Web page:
Legal Question in Credit and Debt Law in California

I am a Mortgage Broker and I have purchased 3 residential properties in addition to my primary residence in my own name. I am concerned about my personal liability in terms of my mortgage practice and rentals since I am a Sole Proprietor and God forbid that I get sued by either a client or a tenant. I want to continue to invest in the purchase of rental properties but I want the peace of mind in knowing that I am protected from such a suit. I currently own my mortgage practice as a sole proprietor and I have no employees and I own my rentals in my own name. I have purchased E&O Insurance for my mortgage business but as far as my rentals I have no coverage. What should I do to protect my interests in my business and rentals?

Asked on 7/16/17, 1:15 am

2 Answers from Attorneys

Charles Perry Law Offices of Charles R. Perry

The two traditional devices for reducing risk are (1) insurance, and (2) forming one or more entities (either corporations or LLCs). The exact balance between the two, the tax implications of any particular strategy involving corporations LLCs, and exactly what should be put into one or more entities, is far beyond what can be accomplished in a public forum. You should talk to both your CPA and an attorney as to how this should be done. The peace of mind alone should be worth the expense.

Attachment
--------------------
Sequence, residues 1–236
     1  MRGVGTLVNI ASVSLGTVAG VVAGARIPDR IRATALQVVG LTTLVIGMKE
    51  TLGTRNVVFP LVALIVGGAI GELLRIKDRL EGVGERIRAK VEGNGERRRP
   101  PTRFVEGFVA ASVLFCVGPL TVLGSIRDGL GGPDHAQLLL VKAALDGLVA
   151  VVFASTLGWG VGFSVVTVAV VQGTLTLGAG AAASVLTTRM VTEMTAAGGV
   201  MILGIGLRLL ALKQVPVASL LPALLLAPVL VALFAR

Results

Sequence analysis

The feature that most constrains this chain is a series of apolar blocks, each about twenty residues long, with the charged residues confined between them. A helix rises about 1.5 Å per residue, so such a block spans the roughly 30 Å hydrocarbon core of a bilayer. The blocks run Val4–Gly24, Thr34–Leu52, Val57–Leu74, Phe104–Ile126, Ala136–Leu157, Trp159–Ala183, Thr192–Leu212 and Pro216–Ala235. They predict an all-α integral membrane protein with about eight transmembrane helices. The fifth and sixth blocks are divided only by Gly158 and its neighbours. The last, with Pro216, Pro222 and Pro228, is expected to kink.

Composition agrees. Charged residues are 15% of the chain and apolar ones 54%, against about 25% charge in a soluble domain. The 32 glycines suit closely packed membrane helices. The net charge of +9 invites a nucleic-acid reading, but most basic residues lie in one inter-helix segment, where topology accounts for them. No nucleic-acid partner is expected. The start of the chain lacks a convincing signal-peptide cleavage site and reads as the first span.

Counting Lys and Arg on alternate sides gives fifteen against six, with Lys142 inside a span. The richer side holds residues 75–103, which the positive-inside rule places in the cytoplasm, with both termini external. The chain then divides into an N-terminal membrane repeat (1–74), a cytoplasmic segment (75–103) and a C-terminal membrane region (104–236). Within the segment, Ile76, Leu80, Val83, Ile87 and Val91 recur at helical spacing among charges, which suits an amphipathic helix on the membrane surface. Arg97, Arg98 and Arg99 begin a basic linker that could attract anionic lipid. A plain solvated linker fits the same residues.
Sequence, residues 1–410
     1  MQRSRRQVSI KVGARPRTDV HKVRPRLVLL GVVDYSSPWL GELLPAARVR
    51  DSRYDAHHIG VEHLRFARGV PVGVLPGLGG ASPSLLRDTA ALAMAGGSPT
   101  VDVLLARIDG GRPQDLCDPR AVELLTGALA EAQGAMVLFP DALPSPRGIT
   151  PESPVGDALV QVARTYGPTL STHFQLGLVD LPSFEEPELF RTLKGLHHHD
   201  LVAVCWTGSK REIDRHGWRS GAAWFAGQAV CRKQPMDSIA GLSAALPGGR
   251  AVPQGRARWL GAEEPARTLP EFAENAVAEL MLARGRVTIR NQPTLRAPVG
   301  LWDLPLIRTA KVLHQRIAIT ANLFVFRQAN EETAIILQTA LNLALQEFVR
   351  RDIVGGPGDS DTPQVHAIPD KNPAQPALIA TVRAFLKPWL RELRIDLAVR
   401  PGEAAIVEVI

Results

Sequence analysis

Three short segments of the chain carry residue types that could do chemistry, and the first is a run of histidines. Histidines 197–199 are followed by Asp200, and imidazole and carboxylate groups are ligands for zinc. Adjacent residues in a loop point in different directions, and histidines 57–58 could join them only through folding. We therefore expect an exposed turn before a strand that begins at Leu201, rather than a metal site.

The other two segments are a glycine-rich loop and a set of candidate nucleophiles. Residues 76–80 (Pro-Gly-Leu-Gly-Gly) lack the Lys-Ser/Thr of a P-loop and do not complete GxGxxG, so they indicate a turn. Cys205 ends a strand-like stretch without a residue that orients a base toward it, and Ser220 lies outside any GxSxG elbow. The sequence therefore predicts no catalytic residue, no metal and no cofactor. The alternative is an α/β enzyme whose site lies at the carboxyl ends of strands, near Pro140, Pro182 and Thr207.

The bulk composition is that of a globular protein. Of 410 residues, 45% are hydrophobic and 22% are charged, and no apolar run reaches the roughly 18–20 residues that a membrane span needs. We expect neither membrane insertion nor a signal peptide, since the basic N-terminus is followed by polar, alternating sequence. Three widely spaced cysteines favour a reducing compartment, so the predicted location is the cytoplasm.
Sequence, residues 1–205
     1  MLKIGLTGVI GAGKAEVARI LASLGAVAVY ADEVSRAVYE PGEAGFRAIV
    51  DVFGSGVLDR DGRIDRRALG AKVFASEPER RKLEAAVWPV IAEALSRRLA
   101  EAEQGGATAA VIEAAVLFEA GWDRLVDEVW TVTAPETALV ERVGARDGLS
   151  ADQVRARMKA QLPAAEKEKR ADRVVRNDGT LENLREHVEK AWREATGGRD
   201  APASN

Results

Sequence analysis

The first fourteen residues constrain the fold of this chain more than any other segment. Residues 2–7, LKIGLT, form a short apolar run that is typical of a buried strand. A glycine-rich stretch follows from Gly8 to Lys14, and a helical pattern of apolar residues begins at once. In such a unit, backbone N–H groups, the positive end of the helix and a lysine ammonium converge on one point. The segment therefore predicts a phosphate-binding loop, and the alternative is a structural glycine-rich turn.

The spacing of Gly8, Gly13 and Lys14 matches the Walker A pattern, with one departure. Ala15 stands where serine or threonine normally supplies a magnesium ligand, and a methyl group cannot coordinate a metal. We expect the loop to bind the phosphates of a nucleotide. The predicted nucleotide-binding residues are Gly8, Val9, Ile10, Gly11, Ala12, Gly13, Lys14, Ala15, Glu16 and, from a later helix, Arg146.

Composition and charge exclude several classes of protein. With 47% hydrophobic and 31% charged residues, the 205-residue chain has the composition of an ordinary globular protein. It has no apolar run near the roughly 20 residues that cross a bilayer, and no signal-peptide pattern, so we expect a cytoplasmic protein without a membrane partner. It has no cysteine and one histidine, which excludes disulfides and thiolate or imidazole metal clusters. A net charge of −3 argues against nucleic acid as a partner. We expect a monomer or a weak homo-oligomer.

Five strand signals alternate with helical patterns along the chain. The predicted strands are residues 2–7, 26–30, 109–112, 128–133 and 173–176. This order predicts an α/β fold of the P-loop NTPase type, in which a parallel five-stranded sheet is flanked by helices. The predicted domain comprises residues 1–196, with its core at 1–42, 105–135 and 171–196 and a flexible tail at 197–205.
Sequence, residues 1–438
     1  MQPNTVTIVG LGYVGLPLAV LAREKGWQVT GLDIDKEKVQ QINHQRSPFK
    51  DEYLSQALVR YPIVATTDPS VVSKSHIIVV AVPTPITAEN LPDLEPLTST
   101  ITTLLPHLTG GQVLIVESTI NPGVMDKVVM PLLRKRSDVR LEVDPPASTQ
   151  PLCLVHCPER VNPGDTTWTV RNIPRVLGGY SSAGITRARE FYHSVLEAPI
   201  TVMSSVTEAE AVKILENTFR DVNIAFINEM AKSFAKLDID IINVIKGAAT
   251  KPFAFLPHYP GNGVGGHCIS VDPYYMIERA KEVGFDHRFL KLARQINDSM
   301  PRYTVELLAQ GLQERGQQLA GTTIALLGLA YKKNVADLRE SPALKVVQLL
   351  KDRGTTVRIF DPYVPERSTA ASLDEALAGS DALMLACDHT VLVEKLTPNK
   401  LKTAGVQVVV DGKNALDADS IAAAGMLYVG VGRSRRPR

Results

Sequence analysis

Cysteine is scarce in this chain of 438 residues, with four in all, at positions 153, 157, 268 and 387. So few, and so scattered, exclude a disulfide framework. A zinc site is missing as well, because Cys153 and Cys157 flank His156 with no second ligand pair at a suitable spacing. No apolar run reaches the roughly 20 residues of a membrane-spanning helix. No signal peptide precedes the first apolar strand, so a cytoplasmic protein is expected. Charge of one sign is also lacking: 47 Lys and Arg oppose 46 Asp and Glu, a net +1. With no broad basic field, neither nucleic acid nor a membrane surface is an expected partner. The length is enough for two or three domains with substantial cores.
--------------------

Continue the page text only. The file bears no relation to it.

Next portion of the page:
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Answered on 7/16/17, 3:52 am
Timothy McCormick Haapala, Thompson & Abern, LLP

In my experience as a real estate and construction litigator for thirty years, LLCs and corporations provide far less protection than meets the eye if they are owned by a single person or family and not adequately capitalized and insured. It's pretty easy to pierce the entity and attach personal liability if the owner has left the entity as a mere shell. And conversely if you keep enough assets in the entity, then they are exposed. The real benefits of forming an entity come when you want to bring in investors or expect to want to sell multiple properties together. Otherwise they are not worth the extra taxation and management work. Just insure well. If you are carrying rental property casualty and liability insurance on each property, have your own homeowners insurance with liability coverage, all with adequate policy limits, you are pretty well covered. You may want to add a personal umbrella policy for extra peace of mind.

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Answered on 7/16/17, 12:26 pm

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